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In March 2002, the Jackson Environmental Assistance Center (J-EAC) Division of Superfund (DSF) of the Tennessee Department of Environment and Conservation (TDEC) met with a family in Yorkville, Tennessee. J-EAC DSF wanted to perform a preliminary assessment and site investigation on this family's property as they were concerned about potential chemical contamination from past transformer recycling activities in Yorkville.

This family, two adults, a five-year old child, and a teenage child, have been living at their Yorkville residence since October 2001. The Yorkville U.S. Post Office neighbors the property. The transformer recycling industry was prevalent in Yorkville years ago. Polychlorinated biphenyls (PCBs) were common coolants within these transformers (ATSDR 2000).

During a March 3, 2002, visit to the residence, J-EAC Superfund (DSF) staff talked with the home owners, observed the property, and collected soil samples. Soil and sediment samples collected between zero and 3 inches depth were analyzed (Figure 1 & Table 1). The soil and sediment samples contained lead and PCB concentrations that raised questions with DSF.

On July 8, 2002, representatives from J-EAC DSF held a conference call with representatives from the Tennessee Department of Health (TDH), Environmental Health Studies and Services (EHSS) concerning the Former Highway 77E Transformer Recycling Facility. J-EAC DSF asked the TDH EHSS, "What is the impact of exposure to chemicals associated with transformer recycling, specifically to the family now living at the Yorkville address?"

The measured lead concentrations in surface soil and sediment ranged from 26.8 to 505 parts per million (ppm) with a geometric mean (X) of 176.4 ppm. The lead levels were deemed unlikely to be a health risk. Nonetheless, EHSS recommended that the children have blood lead levels tested to confirm this as well as comfort the parents. PCBs, including Aroclor 1260, were detected in surface soil samples ranging from undetectable to 107.00 ppm and X = 27.16 ppm (Table 1). PCB contamination was centered around the garage and shade tree area (Figure 1). The soil within the courtyard, where a swingset and lawnchairs are located, had yet to be tested for contaminants. A site visit with J-EAC DSF and EHSS staff was scheduled for July 16.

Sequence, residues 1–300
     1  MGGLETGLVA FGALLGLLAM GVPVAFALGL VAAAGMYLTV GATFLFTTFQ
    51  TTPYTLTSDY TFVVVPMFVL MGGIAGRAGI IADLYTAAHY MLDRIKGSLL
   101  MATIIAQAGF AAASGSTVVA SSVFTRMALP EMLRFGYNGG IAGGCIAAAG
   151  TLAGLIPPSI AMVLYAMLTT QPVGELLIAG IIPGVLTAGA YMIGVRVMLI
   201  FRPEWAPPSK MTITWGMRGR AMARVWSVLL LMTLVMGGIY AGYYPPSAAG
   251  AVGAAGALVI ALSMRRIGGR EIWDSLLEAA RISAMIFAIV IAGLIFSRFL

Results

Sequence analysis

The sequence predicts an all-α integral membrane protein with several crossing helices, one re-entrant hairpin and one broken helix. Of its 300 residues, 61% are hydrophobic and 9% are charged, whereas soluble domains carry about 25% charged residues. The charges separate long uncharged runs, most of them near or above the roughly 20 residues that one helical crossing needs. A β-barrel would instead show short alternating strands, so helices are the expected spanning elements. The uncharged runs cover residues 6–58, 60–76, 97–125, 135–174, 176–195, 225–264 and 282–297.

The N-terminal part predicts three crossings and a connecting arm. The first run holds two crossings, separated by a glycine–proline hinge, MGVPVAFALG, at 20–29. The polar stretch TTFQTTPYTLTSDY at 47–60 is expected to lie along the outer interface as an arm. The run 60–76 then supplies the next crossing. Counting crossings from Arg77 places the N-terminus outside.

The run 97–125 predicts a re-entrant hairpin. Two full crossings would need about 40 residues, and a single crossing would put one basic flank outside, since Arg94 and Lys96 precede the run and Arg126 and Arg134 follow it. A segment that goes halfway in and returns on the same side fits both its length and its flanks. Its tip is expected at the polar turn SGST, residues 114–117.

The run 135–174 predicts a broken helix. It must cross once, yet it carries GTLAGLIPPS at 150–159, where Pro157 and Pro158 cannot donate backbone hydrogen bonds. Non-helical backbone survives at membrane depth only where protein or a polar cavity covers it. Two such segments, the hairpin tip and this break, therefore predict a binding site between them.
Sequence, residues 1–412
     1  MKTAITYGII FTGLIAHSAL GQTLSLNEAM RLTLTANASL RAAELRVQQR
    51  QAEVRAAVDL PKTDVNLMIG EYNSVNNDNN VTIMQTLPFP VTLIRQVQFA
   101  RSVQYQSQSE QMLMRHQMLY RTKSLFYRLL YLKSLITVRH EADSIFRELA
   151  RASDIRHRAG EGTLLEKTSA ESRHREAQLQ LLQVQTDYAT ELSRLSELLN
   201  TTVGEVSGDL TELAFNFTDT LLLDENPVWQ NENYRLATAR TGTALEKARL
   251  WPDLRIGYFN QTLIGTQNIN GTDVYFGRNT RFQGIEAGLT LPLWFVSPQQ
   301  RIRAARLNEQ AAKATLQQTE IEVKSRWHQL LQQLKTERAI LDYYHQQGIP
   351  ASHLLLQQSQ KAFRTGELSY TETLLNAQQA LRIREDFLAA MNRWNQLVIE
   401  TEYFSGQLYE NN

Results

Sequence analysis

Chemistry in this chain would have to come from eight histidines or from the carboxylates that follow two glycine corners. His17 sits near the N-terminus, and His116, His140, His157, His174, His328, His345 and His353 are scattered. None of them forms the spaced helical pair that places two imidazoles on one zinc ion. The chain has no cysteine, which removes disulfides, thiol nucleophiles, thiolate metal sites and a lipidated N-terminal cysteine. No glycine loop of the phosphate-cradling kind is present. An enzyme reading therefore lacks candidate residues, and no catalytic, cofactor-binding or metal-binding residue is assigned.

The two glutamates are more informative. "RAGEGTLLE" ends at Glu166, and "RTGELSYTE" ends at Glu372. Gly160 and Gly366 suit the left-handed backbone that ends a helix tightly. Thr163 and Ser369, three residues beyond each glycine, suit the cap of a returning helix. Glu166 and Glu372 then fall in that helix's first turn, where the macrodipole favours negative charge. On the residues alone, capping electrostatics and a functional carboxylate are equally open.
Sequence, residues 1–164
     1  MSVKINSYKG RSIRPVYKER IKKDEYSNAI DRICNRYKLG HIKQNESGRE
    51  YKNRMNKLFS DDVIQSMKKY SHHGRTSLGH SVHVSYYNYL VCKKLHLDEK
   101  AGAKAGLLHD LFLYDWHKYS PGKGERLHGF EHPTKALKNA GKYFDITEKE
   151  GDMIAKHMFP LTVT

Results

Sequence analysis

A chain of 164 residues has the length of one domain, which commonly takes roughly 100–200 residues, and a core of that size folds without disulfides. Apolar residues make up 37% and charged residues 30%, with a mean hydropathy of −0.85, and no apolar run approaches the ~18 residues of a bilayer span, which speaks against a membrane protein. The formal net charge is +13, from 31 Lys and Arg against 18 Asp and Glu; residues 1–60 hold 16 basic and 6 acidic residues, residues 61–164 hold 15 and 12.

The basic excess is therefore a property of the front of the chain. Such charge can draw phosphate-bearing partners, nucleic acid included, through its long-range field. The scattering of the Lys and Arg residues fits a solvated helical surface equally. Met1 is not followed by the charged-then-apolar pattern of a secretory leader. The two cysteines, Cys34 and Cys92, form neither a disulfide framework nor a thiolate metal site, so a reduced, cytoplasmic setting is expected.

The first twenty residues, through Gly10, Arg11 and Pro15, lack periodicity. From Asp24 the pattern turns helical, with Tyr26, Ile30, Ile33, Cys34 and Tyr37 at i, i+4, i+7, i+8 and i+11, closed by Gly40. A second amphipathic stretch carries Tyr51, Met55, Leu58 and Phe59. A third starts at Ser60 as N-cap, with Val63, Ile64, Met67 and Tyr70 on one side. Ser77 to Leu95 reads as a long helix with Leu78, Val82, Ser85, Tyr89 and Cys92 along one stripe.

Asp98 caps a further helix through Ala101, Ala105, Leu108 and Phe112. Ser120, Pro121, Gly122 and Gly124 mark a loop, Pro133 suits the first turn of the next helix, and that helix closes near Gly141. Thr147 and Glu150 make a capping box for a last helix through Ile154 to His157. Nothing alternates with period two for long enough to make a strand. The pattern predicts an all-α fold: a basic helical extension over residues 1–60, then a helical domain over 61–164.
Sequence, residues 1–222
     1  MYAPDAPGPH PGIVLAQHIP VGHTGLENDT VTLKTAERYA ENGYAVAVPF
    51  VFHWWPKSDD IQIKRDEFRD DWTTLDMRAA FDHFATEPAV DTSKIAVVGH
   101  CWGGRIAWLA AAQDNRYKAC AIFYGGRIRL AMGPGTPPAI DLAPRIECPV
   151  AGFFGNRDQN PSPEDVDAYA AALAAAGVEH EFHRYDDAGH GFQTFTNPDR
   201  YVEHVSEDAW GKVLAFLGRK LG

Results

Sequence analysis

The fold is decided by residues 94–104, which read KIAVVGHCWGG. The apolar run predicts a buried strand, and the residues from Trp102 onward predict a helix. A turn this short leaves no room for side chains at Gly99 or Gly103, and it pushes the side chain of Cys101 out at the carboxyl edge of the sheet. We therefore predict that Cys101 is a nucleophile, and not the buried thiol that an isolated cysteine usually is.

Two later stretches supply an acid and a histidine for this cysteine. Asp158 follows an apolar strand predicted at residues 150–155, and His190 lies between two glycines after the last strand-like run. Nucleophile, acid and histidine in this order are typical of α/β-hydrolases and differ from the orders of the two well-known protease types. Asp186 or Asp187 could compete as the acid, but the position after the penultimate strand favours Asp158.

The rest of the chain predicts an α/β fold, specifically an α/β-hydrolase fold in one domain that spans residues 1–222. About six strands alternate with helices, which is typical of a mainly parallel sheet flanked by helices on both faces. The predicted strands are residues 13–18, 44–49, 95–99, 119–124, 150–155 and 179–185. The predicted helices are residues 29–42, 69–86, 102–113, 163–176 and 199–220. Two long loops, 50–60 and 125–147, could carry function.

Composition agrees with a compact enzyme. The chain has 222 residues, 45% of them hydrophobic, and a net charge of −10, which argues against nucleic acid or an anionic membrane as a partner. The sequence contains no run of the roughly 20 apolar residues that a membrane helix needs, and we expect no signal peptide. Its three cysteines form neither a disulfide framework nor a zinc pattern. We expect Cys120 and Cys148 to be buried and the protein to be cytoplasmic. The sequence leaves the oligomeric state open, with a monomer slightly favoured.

On July 16, 2002, Betty Maness, DSF, escorted Bonnie Bashor and David Borowski, TDH, to the Former Highway 77E Transformer Recycling Facility. The residence is located within the downtown area of Yorkville. A driveway connects Hwy 77E to the house and the current garage, which contained the former transformer recycling workshop. There is a courtyard behind the house. A steep drop-off continues to the backyard (Figure 2). At the edge of the driveway, exposed soil was witnessed under the shade of a large tree (Figure 3).

During the visit, a family member was provided information on the possible health risks of lead and PCBs including prevention literature and fact sheets. No indoor pathways were investigated. At that time, TDEC DSF was contracting for the removal of backyard soil down to 1 foot depth. This backyard soil has since been removed, replaced with clean soil, and covered with sod.


Lead in Surface Soil

Lead is a naturally occurring bluish-grey metallic element that is found in small amounts throughout the Earth's crust. Lead has no taste or odor. Lead does not dissolve in water or burn. Lead can form compounds, either naturally or manufactured, that have different physical properties. Lead has been widely used in batteries, ammunition, electronic circuitry, pipes, solder crystal, paint, fuel, and medical equipment. Lead use in products that frequently contact people or the environment has been reduced in past thirty years. In fact, lead has been phased out of most pipes, paint, and fuel. Yet, humans have spread lead throughout the environment into air, soil, and water (ATSDR 1999).

Lead exposure can be through ingestion, inhalation, or dermal exposure. Dermal exposure to lead is thought to be a minimal health risk. Inhalation of lead contaminated dust is a health threat as lead readily passes from the lungs into the blood. If consumed, differing percentages of lead will be absorbed into the blood depending on the individual's age, types of food eaten, and the chemical form of the lead. Basically, children with empty stomachs have greater amounts of lead absorption. Once in the blood, lead can travel to soft tissues including the brain, heart, liver and kidneys. The body can store lead in bones and teeth. Adults can eliminate 99% of lead that enters their bodies as waste; children, however, are only able to eliminate 32% of lead that enters their bodies (ATSDR 1999).